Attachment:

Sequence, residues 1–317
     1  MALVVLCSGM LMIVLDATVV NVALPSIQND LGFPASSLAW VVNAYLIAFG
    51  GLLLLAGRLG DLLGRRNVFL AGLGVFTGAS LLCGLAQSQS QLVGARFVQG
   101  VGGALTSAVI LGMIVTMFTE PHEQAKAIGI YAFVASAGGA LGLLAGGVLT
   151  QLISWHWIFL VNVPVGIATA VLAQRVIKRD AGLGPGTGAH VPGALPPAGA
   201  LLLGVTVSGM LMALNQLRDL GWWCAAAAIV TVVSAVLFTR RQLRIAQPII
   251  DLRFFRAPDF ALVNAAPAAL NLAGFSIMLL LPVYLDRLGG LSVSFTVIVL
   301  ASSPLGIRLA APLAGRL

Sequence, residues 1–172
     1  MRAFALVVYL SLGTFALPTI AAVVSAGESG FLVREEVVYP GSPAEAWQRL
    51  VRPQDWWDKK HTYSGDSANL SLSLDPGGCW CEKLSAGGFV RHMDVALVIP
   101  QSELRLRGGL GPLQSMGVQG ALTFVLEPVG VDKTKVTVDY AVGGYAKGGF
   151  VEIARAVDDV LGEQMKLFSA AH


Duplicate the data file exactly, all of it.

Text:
Sequence, residues 1–317
     1  MALVVLCSGM LMIVLDATVV NVALPSIQND LGFPASSLAW VVNAYLIAFG
    51  GLLLLAGRLG DLLGRRNVFL AGLGVFTGAS LLCGLAQSQS QLVGARFVQG
   101  VGGALTSAVI LGMIVTMFTE PHEQAKAIGI YAFVASAGGA LGLLAGGVLT
   151  QLISWHWIFL VNVPVGIATA VLAQRVIKRD AGLGPGTGAH VPGALPPAGA
   201  LLLGVTVSGM LMALNQLRDL GWWCAAAAIV TVVSAVLFTR RQLRIAQPII
   251  DLRFFRAPDF ALVNAAPAAL NLAGFSIMLL LPVYLDRLGG LSVSFTVIVL
   301  ASSPLGIRLA APLAGRL

Sequence, residues 1–172
     1  MRAFALVVYL SLGTFALPTI AAVVSAGESG FLVREEVVYP GSPAEAWQRL
    51  VRPQDWWDKK HTYSGDSANL SLSLDPGGCW CEKLSAGGFV RHMDVALVIP
   101  QSELRLRGGL GPLQSMGVQG ALTFVLEPVG VDKTKVTVDY AVGGYAKGGF
   151  VEIARAVDDV LGEQMKLFSA AH